The impact of national agenda on a local education authority's website: a visual semiotic analysis
This paper reports an analysis of the website of an education authority in the state of Queensland, Australia during the changeover from a state-based curriculum to a national curriculum. The paper's value lies in the capture of an exact moment of change. Kress and van Leeuwen's grammar of visual design is employed to analyse the changes to the Queensland Studies Authority's website from 2009 to 2010. The significant changes to the site show the impact of policy that has been borrowed from the UK and the USA around testing and accountability, and as such has bearing on the international policy environment. The impact of these testing and accountability measures is twofold. First, that regimes of accountability and testing outweigh the significance of changes to curriculum and pedagogy and, second, that this understanding has implications for teacher education and teacher professionalism. We argue that borrowed policy from the international sphere, through a national agenda and then on to a local education authority, has hollowed out and narrowed the provision of education information and assistance available to readers of the site. This is most notable in the shift we observe from informed teacher professionalism through links to professional development available on the site in 2009 to prescription most notably evident in the absence of professional development hyperlinks on the site in 2010. The inference we draw, for example, is that teachers in the state of Queensland are to follow the prescriptions on the web page without access to policy learning through professional development. This has implications for teacher education and teacher professionalism.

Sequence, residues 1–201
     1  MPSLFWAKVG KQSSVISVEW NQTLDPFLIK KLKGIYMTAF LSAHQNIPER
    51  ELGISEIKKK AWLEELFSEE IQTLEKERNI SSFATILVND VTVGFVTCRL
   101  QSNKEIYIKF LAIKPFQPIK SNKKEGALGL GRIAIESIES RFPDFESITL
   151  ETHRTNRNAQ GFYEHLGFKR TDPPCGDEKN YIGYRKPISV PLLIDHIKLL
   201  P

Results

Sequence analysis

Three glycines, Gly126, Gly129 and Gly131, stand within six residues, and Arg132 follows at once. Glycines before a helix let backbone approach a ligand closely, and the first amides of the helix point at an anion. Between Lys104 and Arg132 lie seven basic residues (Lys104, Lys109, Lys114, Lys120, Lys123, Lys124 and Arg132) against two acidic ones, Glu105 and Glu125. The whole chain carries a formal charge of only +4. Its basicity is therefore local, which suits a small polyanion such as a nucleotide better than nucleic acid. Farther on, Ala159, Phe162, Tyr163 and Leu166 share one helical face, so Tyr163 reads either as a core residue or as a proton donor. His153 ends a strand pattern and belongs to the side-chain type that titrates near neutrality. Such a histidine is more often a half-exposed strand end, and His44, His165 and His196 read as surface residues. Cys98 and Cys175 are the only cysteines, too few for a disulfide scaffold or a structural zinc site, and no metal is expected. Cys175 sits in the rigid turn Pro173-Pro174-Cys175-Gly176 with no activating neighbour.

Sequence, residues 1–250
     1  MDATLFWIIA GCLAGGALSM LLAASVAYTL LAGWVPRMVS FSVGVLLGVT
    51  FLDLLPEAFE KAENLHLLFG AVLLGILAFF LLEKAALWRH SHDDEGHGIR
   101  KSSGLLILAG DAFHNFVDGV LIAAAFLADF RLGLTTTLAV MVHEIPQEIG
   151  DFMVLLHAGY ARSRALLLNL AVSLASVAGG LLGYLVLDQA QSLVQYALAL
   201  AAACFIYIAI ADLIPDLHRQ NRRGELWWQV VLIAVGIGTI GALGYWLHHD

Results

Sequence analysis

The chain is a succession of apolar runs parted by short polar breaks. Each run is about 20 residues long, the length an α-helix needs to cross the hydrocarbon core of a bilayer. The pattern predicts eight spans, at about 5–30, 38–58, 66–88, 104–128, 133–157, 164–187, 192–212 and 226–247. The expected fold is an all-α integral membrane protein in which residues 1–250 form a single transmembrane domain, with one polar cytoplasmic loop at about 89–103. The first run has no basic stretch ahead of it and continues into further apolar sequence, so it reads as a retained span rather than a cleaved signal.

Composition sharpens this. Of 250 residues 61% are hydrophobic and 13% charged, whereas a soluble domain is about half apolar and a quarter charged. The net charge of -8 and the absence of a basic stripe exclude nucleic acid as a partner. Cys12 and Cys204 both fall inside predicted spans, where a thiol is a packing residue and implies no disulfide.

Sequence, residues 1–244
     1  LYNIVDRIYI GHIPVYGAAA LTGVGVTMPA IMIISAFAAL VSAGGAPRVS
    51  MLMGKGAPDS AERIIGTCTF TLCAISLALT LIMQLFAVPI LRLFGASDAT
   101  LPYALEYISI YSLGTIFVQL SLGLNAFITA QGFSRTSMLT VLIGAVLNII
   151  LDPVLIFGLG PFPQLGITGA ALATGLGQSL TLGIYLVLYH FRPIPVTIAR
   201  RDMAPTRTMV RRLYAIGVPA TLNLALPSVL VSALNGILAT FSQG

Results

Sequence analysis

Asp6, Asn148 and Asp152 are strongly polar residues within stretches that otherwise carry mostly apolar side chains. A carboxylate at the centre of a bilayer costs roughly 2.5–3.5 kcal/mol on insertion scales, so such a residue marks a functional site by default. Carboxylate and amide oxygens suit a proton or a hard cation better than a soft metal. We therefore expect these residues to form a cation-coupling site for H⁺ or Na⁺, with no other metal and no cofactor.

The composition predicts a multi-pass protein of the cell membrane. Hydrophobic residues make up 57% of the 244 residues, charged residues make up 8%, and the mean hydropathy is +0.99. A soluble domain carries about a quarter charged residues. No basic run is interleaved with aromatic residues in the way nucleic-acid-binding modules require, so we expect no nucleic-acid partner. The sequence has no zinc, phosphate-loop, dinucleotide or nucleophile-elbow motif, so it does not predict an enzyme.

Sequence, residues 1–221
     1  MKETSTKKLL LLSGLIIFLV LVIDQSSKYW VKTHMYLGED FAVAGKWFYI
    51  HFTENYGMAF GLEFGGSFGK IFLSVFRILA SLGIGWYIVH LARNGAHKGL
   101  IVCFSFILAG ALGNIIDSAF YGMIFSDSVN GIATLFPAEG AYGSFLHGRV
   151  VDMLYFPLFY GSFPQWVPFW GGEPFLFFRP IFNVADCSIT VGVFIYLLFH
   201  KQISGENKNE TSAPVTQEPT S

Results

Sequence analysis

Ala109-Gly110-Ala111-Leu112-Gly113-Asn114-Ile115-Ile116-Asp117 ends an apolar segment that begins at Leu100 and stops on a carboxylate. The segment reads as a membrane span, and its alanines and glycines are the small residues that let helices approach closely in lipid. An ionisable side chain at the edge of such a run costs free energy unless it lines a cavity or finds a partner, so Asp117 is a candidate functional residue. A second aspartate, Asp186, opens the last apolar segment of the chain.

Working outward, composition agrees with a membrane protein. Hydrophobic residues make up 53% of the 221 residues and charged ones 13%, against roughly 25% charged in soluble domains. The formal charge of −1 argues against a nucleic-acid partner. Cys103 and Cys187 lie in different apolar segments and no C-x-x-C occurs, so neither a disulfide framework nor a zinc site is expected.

Cambridge Journal of Education